DynamicPolynomials.jl

Multivariate polynomials implementation of commutative and non-commutative variables
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Started In
April 2017

Dynamic Polynomials

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Sparse dynamic representation of multivariate polynomials that can be used with MultivariatePolynomials (see the documentation there for more information). Both commutative and non-commutative variables are supported. The following types are defined:

• `PolyVar{C}`: A variable which is commutative with `*` when `C` is `true`. Commutative variables are created using the `@polyvar` macro, e.g. `@polyvar x y`, `@polyvar x[1:8]` and non-commutative variables are created likewise using the `@ncpolyvar` macro.
• `Monomial{C}`: A product of variables: e.g. `x*y^2`.
• `Term{C, T}`: A product between an element of type `T` and a `Monomial{C}`, e.g `2x`, `3.0x*y^2`.
• `Polynomial{C, T}`: A sum of `Term{C, T}`, e.g. `2x + 3.0x*y^2 + y`.

All common algebraic operations between those types are designed to be as efficient as possible without doing any assumption on `T`. Typically, one imagine `T` to be a subtype of `Number` but it can be anything. This is useful for example in the package PolyJuMP where `T` is often an affine expression of JuMP decision variables. The commutativity of `T` with `*` is not assumed, even if it is the coefficient of a monomial of commutative variables. However, commutativity of `T` and of the variables `+` is always assumed. This allows to keep the terms sorted (Graded Lexicographic order is used) in polynomial and measure which enables more efficient operations.

Below is a simple usage example

```julia> using DynamicPolynomials

julia> @polyvar x y # assigns x (resp. y) to a variable of name x (resp. y)
(x, y)

julia> p = 2x + 3.0x*y^2 + y # define a polynomial in variables x and y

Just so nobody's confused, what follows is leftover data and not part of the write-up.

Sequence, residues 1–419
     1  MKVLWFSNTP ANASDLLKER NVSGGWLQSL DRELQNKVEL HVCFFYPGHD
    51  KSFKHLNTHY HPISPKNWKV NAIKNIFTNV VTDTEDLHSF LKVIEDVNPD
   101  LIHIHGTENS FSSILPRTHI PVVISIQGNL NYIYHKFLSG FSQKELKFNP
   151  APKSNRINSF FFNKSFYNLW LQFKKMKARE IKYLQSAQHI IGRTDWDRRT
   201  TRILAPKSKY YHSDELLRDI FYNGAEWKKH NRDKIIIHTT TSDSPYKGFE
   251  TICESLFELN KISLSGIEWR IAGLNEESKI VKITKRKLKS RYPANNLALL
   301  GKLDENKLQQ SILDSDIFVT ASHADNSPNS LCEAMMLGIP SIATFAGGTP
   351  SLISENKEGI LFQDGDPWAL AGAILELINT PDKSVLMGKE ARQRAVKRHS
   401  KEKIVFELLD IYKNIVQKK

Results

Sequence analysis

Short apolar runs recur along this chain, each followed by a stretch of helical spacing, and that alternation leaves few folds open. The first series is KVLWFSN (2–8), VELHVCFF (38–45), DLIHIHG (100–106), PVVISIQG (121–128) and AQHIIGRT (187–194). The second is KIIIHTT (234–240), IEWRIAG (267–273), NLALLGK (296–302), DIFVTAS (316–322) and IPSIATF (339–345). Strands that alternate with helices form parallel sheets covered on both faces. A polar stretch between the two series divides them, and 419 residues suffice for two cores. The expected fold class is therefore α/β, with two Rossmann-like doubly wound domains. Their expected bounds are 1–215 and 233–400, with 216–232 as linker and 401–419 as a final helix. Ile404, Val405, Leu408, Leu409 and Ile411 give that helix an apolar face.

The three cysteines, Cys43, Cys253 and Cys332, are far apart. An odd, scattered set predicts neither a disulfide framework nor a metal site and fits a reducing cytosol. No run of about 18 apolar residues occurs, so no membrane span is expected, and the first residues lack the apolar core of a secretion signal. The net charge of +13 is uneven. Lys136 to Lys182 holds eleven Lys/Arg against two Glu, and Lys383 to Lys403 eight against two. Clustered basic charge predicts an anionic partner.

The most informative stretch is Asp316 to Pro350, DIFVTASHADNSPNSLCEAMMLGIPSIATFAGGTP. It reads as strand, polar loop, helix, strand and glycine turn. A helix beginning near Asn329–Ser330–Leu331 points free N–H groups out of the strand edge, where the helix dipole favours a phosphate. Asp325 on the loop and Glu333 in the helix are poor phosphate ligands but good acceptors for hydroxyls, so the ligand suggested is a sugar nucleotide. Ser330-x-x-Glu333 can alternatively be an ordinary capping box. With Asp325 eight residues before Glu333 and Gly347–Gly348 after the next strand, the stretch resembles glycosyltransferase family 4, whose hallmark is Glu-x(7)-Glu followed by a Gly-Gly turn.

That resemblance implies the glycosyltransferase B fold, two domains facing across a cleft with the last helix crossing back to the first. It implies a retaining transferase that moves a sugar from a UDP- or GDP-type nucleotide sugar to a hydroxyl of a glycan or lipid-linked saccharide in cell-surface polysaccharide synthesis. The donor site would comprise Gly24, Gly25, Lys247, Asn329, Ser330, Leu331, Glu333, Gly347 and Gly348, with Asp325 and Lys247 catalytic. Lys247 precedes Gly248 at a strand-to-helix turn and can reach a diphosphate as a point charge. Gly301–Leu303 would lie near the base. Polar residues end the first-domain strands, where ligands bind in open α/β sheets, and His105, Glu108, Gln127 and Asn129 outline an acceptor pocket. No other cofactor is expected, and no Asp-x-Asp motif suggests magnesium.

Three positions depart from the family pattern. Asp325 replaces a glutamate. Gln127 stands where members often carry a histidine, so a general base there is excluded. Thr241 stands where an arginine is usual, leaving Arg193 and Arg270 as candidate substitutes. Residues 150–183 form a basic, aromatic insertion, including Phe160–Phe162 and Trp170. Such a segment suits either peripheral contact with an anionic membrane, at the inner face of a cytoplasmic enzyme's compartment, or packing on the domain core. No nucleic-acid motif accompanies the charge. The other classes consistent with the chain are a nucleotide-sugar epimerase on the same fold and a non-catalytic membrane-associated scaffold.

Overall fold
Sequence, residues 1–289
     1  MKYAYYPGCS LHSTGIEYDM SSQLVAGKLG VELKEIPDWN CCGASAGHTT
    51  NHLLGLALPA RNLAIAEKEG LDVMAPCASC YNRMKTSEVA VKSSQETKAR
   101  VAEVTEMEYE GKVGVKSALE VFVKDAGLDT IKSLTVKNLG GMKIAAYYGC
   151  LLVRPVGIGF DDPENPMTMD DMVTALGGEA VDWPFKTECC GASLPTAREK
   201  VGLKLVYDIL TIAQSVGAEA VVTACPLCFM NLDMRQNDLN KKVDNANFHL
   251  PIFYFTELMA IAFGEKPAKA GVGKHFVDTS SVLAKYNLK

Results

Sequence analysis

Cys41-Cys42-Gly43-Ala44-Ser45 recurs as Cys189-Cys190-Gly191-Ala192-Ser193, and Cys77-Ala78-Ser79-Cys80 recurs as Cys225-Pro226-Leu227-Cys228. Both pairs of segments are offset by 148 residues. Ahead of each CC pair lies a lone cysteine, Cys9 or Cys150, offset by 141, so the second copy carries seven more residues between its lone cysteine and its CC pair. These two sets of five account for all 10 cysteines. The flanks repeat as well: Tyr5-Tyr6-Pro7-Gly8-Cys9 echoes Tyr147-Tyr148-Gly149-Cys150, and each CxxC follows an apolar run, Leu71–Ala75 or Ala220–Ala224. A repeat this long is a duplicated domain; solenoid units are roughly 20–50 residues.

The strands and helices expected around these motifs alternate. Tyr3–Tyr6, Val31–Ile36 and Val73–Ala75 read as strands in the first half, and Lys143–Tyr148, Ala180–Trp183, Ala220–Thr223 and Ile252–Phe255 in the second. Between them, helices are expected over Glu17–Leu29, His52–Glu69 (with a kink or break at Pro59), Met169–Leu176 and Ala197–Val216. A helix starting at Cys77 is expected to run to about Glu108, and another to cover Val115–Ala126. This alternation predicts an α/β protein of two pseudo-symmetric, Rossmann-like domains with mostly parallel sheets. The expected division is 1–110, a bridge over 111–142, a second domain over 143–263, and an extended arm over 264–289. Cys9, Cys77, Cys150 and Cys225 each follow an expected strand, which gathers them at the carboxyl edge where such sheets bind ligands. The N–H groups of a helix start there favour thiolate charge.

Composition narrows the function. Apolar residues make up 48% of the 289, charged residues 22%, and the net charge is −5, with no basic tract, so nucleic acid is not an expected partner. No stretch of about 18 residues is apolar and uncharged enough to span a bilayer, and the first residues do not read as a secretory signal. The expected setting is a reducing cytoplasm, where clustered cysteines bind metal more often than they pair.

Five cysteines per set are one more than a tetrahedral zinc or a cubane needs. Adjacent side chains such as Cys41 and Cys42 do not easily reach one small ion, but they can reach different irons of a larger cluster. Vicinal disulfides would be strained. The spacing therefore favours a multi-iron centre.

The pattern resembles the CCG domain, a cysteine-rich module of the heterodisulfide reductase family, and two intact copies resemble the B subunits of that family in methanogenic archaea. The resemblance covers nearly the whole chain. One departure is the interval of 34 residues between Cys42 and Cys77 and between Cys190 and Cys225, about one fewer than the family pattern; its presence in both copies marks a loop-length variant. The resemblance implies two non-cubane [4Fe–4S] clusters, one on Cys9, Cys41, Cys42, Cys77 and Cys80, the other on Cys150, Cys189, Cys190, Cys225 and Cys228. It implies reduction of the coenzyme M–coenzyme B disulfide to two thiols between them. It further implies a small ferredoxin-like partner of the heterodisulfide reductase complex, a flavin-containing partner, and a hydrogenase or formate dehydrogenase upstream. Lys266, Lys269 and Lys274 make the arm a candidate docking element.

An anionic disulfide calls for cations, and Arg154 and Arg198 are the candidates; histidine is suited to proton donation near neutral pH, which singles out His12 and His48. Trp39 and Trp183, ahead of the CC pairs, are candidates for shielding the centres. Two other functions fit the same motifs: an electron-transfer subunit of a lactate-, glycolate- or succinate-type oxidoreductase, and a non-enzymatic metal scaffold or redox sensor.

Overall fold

3.0xy² + 2.0x + y

julia> differentiate(p, x) # compute the derivative of p with respect to x
3.0y² + 2.0

julia> differentiate.(p, (x, y)) # compute the gradient of p
(3.0y² + 2.0, 6.0xy + 1.0)

julia> p((x, y)=>(y, x)) # replace any x by y and y by x
3.0x²y + x + 2.0y

julia> subs(p, y=>x^2) # replace any occurence of y by x^2
3.0x⁵ + x² + 2.0x

julia> p(x=>1, y=>2) # evaluate p at [1, 2]
16.0```

Below is an example with `@polyvar x[1:n]`

```julia> n = 3;

julia> @polyvar x[1:n] # assign x to a tuple of variables x1, x2, x3
(PolyVar{true}[x₁, x₂, x₃],)

julia> p = sum(x .* x) # compute the sum of squares
x₁² + x₂² + x₃²

julia> subs(p, x[1]=>2, x[3]=>3) # make a partial substitution
x₂² + 13

julia> A = reshape(1:9, 3, 3);

julia> p(x => A * vec(x))  # corresponds to dot(A*x, A*x), need vec to convert the tuple to a vector
14x₁² + 64x₁x₂ + 100x₁x₃ + 77x₂² + 244x₂x₃ + 194x₃²```

Note that, when doing substitution, it is required to give the `PolyVar` ordering that is meant. Indeed, the ordering between the `PolyVar` is not alphabetical but rather by order of creation which can be undeterministic with parallel computing. Therefore, this order cannot be used for substitution, even as a default (see here for a discussion about this).

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